Re: [isabelle] Formalizing Turing machine


  Yes, you can define Turing machines in a very
simple base theory. For example, you can use lists
instead of sets because everything in a TM description
has to be finite. So at least the preliminary theory
of TMs can be done without higher order things like
sets and functions. But going even a little bit into the
theory, you will need to define computable functions etc.
On the face of it, even the undecidability of the Halting
Problem seems to need sets to state (i.e. the *set* of all
halting TMs is undecidable).

 I did some work on formalizing TMs in HOL-4 and the
following definitions of the machines should be
completely straightforward to turn into Isabelle/HOL syntax.
Of course there is more to define, like machine configurations,
executions, languages, etc. but I will omit those.

Also, doesn't the AFP include some computability theory


(*---------------------------------------------------------------------- -----*) (* Turing machines, tape infinite in one direction. *) (*---------------------------------------------------------------------- -----*)

Hol_datatype `dir = L | R`;

(*---------------------------------------------------------------------- -----*) (* Raw datatype of TMs. The only slightly odd thing may be that the blank is *) (* explicitly included. Also, it turns out to facilitate the definition of *) (* executions if the initial value of the current cell is set to a value. *) (* Because having a "left-edge" marker simplifies many TM algorithms, we set *) (* aside a particular "star" value for this purpose. *) (*---------------------------------------------------------------------- -----*)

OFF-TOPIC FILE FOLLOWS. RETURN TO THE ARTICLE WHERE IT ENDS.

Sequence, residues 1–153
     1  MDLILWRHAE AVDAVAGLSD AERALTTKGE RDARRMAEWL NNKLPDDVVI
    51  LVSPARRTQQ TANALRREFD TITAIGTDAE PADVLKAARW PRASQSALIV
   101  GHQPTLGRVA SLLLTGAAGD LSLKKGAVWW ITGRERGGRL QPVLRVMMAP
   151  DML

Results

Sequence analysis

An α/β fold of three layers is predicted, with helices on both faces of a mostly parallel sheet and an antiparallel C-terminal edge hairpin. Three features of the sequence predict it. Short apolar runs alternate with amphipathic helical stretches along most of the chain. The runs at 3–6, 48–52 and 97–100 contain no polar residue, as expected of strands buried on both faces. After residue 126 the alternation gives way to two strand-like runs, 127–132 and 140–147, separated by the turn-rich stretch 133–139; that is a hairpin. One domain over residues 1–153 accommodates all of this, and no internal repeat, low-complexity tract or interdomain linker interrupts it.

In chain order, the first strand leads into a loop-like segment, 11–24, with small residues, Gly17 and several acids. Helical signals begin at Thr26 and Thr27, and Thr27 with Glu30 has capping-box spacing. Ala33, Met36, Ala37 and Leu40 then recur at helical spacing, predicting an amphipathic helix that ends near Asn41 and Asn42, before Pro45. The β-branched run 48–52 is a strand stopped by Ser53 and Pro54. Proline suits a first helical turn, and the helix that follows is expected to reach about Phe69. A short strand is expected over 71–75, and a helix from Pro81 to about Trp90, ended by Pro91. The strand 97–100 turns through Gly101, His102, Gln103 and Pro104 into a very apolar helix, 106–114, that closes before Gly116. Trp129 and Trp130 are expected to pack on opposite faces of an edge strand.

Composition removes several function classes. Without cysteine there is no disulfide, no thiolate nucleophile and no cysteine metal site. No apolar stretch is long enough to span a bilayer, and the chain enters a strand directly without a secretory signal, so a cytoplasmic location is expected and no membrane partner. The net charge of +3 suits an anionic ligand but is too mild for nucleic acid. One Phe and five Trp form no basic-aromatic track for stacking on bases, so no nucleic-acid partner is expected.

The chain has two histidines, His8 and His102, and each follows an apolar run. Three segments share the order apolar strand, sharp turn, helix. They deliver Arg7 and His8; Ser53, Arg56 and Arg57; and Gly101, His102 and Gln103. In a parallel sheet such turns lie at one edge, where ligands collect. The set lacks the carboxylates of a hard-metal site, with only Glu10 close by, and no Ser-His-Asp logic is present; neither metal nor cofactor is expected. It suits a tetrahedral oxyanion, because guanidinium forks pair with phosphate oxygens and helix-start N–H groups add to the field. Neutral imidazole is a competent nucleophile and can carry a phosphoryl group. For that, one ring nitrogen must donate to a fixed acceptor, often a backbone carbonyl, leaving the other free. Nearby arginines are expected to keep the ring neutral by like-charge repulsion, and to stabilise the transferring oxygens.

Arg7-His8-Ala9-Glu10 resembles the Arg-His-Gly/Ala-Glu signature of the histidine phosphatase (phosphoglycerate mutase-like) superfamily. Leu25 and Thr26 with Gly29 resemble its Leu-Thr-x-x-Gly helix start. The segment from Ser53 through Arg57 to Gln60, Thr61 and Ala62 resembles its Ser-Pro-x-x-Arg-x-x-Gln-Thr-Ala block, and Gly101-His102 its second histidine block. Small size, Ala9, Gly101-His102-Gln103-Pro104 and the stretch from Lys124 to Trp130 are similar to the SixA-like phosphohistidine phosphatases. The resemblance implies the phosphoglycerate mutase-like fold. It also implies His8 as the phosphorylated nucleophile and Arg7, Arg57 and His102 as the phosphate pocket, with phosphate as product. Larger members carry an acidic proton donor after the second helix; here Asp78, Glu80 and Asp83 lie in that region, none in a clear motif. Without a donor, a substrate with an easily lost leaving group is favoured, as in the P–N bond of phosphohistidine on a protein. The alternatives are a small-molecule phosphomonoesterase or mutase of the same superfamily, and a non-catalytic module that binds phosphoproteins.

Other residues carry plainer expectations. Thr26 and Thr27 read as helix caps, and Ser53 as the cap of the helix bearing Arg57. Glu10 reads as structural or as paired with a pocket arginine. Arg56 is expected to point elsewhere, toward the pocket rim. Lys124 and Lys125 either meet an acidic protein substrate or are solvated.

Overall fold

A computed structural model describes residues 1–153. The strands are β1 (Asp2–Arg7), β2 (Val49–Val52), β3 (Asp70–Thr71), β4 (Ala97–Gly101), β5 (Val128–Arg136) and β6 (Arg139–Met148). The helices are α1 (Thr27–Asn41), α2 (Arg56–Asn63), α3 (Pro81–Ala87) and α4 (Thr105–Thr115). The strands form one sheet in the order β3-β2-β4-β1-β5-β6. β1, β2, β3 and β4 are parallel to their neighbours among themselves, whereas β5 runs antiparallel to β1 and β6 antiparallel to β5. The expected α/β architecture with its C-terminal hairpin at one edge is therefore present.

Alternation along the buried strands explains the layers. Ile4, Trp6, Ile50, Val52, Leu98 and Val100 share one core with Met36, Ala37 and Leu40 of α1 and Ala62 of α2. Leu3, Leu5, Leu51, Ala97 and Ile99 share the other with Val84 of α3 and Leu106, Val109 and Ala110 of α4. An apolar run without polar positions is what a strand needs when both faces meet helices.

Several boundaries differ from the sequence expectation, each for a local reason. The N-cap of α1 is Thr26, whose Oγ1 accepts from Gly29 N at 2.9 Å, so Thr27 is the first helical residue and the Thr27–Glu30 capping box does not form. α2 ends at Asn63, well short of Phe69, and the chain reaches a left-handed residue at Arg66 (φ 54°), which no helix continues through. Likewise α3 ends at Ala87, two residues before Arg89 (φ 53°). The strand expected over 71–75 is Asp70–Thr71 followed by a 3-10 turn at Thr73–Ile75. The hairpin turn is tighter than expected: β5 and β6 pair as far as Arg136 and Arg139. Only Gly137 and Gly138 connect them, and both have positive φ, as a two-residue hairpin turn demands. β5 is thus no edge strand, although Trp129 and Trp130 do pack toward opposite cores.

`TM = <| states     : 'state -> bool ;
           inputsymbs : 'alpha -> bool ;
           tapesymbs  : 'alpha -> bool ;
           init       : 'state ;
           trans      : 'state -> 'alpha -> 'state # 'alpha # dir;
           accept     : 'state ;
           reject     : 'state ;
           blank      : 'alpha ;
           star       : 'alpha |>`;
(*---------------------------------------------------------------------- -----*) (* Predicate singling out the real Turing machines. Is in principle an *) (* executable thing, but we don't currently handle (bounded) quantifiers. *) (*---------------------------------------------------------------------- -----*)

val isTM_def =
   `isTM (M : ('alpha,'state)TM) =
      FINITE M.states            /\
      FINITE M.inputsymbs        /\
      FINITE M.tapesymbs         /\
      M.blank IN M.tapesymbs     /\
      ~(M.blank IN M.inputsymbs) /\ IN M.inputsymbs     /\
      M.inputsymbs SUBSET M.tapesymbs /\
      M.accept IN M.states       /\
      M.reject IN M.states       /\
      ~(M.accept = M.reject)     /\
      M.init IN M.states         /\
      !a p q b d.
          a IN M.tapesymbs /\ p IN M.states /\ (M.trans p a = (q,b,d))
          ==> q IN M.states /\ b IN M.tapesymbs`;


On Sep 29, 2009, at 3:39 AM, Wang Zirui wrote:


I'd like to formalize the definition of Turing machine. If possible,
I'd like to do it without relying on ZFC. That is, I don't use sets,
integers and so on.

Yes, in the definition of Turing machine we see sets, such as the set
of states, but I think the use of set is convenient but not necessary.
(Am I wrong?) So if you agree with me and think it's possible to go
without sets, could you please outline how to define Turing machine?
If you think this is impossible, can you give a proof?


Zirui Wang

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